Skip to comments.'Divine intervention' led to success ("See You at the Pole" history)
Posted on 09/16/2004 7:44:57 AM PDT by jtminton
In the beginning ...
No, not that beginning.
In the beginning, 14 Burleson and Crowley ninth-graders prayed in a schoolyard.
That was in 1990. Now, 2 million teen-agers and children join in the annual youth prayer named See You at the Pole.
Now, Terry McConnell is a Fort Worth firefighter. In 1990, he was in the original Baptist youth group that prayed late one Saturday night on the steps of what was then Burleson Junior High School.
On Wednesday morning, he was at school again.
This time, he was taking his two sons to pray for the first time at the flagpole of their Burleson elementary school.
In its 15th year, See You at the Pole has outgrown childhood, and some of us have grown less worried about it.
What seemed at first like a stealth effort to promote compulsory prayer has matured into a joy-filled rally of freedom and faith.
"To me, See You at the Pole is a way to express religious freedom," McConnell said.
Back in 1990, he was one of 12 boys and two girls from Crestmont Baptist Church who felt inspired by a weekend discipleship retreat and went to pray at their schools.
When the Crestmont youth minister back then, the Rev. Rick Eubanks, told other youth leaders about the ninth-graders' enthusiasm, somebody came up with the idea of having youth groups everywhere pray before school that fall.
The way the story goes, the youth ministers then simply tried to figure out a place. Somebody suggested a flagpole.
Loretta Sharp of Burleson said she did not know until years later how the idea spread worldwide. But she knows exactly how the first prayer started, because the teen-agers had come from her house.
Sharp and her husband, Chuck, were the adult sponsors for the Crestmont youth group. They were hosting the retreat.
A visiting youth minister had the ninth-graders talking about their friends and the peer pressures in junior high.
"They talked about their fears," Sharp remembered. "They could feel strong as a youth group, but not when they went to school."
So they took the youth group to school.
About 11 o'clock on a Saturday night, all 14 students and three adults piled into one van and went to pray on the steps of Burleson Junior High (now Hughes Middle School), Crowley High School and at one student's home.
They went to schools "because that's where they met their friends," Loretta Sharp said.
"They didn't feel like they could pray in school. And that was where they needed to."
Now, students everywhere know they can pray in school, as long as the prayer is strictly the students' and not the teacher's or the government's.
It's tough to imagine today, but student prayers even before and after school were once banned from campus. And the first years of See You at the Pole were met with criticism.
In 1995, the prayer's sixth year, a reader's letter to the Austin American-Statesman complained: "It seems reasonable to allow the freedom of religious expression in public schools, but it is a mistake."
See You at the Pole, he wrote, is "about as student-initiated as the TAAS test!" -- the state performance test of that year.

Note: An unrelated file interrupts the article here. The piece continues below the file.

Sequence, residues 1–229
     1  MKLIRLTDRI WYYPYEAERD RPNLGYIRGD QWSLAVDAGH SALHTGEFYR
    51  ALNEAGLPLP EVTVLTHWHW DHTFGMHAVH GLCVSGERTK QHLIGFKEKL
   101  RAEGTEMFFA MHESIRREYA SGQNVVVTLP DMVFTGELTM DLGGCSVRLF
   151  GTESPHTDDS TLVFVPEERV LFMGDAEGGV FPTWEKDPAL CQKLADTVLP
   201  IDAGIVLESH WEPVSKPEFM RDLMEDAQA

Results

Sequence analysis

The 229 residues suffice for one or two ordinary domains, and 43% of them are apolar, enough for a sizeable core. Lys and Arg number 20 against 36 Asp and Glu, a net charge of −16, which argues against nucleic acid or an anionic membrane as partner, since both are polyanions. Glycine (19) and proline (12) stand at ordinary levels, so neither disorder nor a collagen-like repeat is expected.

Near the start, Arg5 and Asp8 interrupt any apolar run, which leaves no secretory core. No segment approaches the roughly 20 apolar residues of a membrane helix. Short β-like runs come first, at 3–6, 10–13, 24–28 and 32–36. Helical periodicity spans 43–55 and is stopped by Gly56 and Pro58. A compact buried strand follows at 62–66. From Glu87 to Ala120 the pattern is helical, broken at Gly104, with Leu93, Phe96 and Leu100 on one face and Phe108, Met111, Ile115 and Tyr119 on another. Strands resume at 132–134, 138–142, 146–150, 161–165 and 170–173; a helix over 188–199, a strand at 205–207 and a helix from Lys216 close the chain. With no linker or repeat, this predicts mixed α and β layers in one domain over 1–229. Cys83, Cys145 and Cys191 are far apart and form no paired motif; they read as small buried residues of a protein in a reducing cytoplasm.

The reader complained that he had the right to own a gun but not to bring it to school.
"This same reasoning needs to be applied to religion. ... Religion is divisive and destructive. Let's make our public schools drug-, weapon- and religion-free zones," the letter said.
The idea that student prayers might be as dangerous as guns no longer seems reasonable, even in a letter to the editor.
The Sharps didn't pray at the pole Wednesday morning. They prayed quietly at Burleson High School on Tuesday night, Loretta Sharp said, because See You at the Pole draws such a crowd now that it's a "madhouse."
They no longer sponsor the church youth group, working instead with newlyweds. But they prayed for today's teen-agers to show "boldness" in their faith.
The Sharps are proud of their years of sponsorship of the Crestmont youth -- another former Crestmont worshipper is American Idol Kelly Clarkson -- and also modest about their role in the prayers that inspired See You at the Pole.
"It wasn't us," Loretta Sharp said. "It was divine intervention.
"The kids back then were up against major drug problems. I don't see that as much now. And there was just a lot of boredom.
"Now they're all grown up and they have kids of their own."
"They're making us feel really old."
Unlike some ninth-graders from that sad era of teen-age heroin overdoses and suicides, those kids from Burleson and Crowley have safely grown up.
So has See You at the Pole.
Students gather at flagpoles across the Metroplex. 3B
-------------------------------------------------------------------------------- Bud Kennedy's column appears Tuesdays, Thursdays and Saturdays. (817) 390-7538, firstname.lastname@example.org
Besides Cleburne, these two towns is where Silverwoman1 and me are looking for our emu ranch. /sar :-)
I have an aunt that got into the emu scam out in Graham. Some people have more money than sense sometimes.
Godly is nearby, wonder if they gathered around the pole, too?
Thats significant and a miracle of God in todays world imo.
lol at the emu fad! I never understood how that took off.
I heard they are pretty mean and can rough you up.
I know it was a joke! I hope you don't think I was offended! :)
(btw, my aunt really did buy an emu farm.)
Ranch Freeper! Don't plant 'em...won't grow in the ground??
Series, had no idea that all that started in Crowley and Burleson.
Remember my girl going up to school early to gather around the flagpole [South Grand Prairie].
It must not have been very well advertised because I went to BJH in 1990 and don't remember ever hearing about it. I'm glad it caught on, though. It's hugh.
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